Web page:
Complying with the US foreign account tax act

Written by Rakesh Nangia | Updated: May 30 2014, 04:38am hrs
In April this year, India entered into an inter-governmental agreement (IGA) with the US government for the implementation of the Foreign Account Tax Compliance Act (FATCA), 2010, of the US.

The FATCA will come into force from July 1, 2014, and requires foreign financial institutions (FFIs) such as banks, mutual funds, hedge funds, insurance companies, etc, to register with the Internal Revenue Services (IRS) of the US and furnish certain information regarding accounts held by US persons that are worth more than $50,000. The penalty for non-compliance by FFIs entails a withholding tax of 30% on their US-sourced income/receipts.

But what does this mean for Indian financial institutions (FIs)

India has consented to Model-1A IGA in terms of which the Indian FIs shall be able to report information on their US account holders through the Central Board of Direct Taxes (CBDT) instead of reporting directly to the IRS.

Indian FIs shall no longer be required to enter into an agreement with the IRS and will automatically attain deemed compliant status. However, Indian FIs will have to register online at the IRSs registration portal. The registration deadline for FIs having branches in countries which do not have an IGA with the US under Model-1 is June 3, so as to be on the list of IRS-compliant entities by July 1, 2014. FIs not having such branches can register before December 22, 2014, so as to be on the list of IRS-compliant entities by January 1, 2015.

The entering into the IGA by India is a welcome move for Indian FIs since the compliance will be much easier than it would have been in the absence of an IGA.

Challenges

Compliance with the FATCA is proving to be a challenge for FFIs and the Indian experience is not expected to be different. In the Indian context, the following challenges are expected:

* Indian KYC norms may not contain the US status indicia (indications) which are the fundamental basis for determination of US status. The US status indicia for individuals and institutions are listed in the accompanying table. Satisfaction of any of this criteria is not in itself determinative of whether or not the account is owned by a US person, it only means that the Indian FI will need to scrutinise the account further to establish whether or not the account is owned by a US person.

* Indian FIs may need to change their internal processes to ensure that they have sufficient information in addition to the standard KYC norms, thereby ensuring that no violation takes place on account of insufficient information.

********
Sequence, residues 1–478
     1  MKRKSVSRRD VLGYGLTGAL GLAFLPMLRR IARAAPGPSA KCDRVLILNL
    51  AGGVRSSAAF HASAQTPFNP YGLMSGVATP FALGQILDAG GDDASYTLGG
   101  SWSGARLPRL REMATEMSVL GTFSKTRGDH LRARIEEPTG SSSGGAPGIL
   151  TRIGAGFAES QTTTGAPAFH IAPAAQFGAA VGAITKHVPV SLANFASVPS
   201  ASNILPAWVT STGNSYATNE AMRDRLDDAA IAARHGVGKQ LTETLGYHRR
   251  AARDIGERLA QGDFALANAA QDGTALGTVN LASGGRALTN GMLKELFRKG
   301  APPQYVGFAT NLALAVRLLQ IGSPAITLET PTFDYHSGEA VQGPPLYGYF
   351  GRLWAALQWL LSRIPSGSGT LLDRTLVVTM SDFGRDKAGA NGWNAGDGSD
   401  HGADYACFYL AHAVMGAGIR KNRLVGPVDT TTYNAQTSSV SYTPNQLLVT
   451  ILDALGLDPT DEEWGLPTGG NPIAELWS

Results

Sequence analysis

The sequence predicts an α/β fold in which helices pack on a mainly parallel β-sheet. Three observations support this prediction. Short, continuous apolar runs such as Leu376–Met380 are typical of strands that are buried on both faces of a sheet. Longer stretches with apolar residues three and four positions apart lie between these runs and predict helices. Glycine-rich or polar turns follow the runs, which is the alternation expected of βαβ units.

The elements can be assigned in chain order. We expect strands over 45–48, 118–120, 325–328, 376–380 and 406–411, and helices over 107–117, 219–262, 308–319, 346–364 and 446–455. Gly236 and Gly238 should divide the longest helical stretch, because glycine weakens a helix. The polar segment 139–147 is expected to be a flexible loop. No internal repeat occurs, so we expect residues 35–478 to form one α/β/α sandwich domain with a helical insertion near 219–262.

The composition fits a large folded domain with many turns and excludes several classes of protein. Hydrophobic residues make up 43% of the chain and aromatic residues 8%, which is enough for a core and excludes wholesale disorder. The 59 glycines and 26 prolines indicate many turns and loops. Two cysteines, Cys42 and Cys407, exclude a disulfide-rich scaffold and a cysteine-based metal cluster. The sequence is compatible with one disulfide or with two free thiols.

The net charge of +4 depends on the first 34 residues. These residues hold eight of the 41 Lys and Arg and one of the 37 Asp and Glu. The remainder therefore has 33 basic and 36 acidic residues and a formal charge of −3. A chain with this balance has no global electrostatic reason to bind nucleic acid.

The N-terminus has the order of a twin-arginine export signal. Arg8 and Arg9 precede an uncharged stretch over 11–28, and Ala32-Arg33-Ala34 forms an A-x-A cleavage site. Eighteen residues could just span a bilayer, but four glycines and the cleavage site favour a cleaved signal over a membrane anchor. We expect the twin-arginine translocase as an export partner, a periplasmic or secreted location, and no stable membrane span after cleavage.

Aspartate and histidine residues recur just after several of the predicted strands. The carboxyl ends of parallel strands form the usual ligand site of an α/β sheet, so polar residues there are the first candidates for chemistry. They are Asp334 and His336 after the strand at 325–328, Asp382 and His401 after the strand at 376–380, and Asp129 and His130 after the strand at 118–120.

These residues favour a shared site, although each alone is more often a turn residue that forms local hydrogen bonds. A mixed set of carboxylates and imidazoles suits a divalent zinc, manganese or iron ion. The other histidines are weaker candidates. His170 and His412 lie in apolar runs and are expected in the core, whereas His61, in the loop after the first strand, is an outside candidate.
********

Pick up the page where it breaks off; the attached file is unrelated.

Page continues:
* Indian FIs shall have to review their entire customer base, new as well as existing, for the above indicia. The customers shall have to be classified according to the FATCA legislation.

* For any customer account that gets flagged with the US indicia, FIs shall have to confirm the FATCA status, and where necessary, contact the customer for further information and documentation.

* Identification will need to be an ongoing processa reviewing of status of existing account holders shall be required for any change in status.

* Collation of all relevant information and reporting to the CBDT accurately and in a time-bound manner.

* Other issues such as getting waivers from customers, communicating with the Board of Directors and understanding what to do with customers who refuse to provide information.

* Given the complexities and also the costs involved in complying with the FATCA, undertaking a strategic analysis of whether to remain invested in the US, and whether to maintain or withdraw contact with US clients.

Understanding the challenges in the implementation of the FATCA on a global basis, the IRS has recently announced that it would regard 2014 and 2015 as a transition period for the purposes of enforcement and administration of requirements under the FATCA. However, the IRS will continue to enforce the law and only grant penalty reprieve for those institutions that meet the good faith effort reporting criteria in compliance with the FATCA. While it is not clear as to what will constitute a good faith effort, it has been met with relief by FFIs.

The Indian FIs are currently awaiting guidance from regulators such as Sebi and RBI on due diligence and reporting requirements with respect to the FATCA in their respective domain. Guidance from these regulators will go a long way in alleviating the concerns of the Indian FIs.

Tax avoidance has been taken up very aggressively by all jurisdictions in the recent years. With more and more countries supporting the FATCA and similar other proposals, the OECD recently proposed a model for global automatic tax information exchange. Therefore, it appears more than likely that legislations like the FATCA will be enacted by other countries. The FATCA is only one of the first steps in redefining bank secrecy as we know it.

While the FFIs cannot be expected to ensure that their customers are tax compliant, the devil is in the detail. With the onerous responsibilities under the FATCA and more such legislation waiting in the wings, the FFIs face challenging times ahead.

(This article was coauthored by Rahul Jain of Nangia & Co)

The author is managing partner, Nangia & Co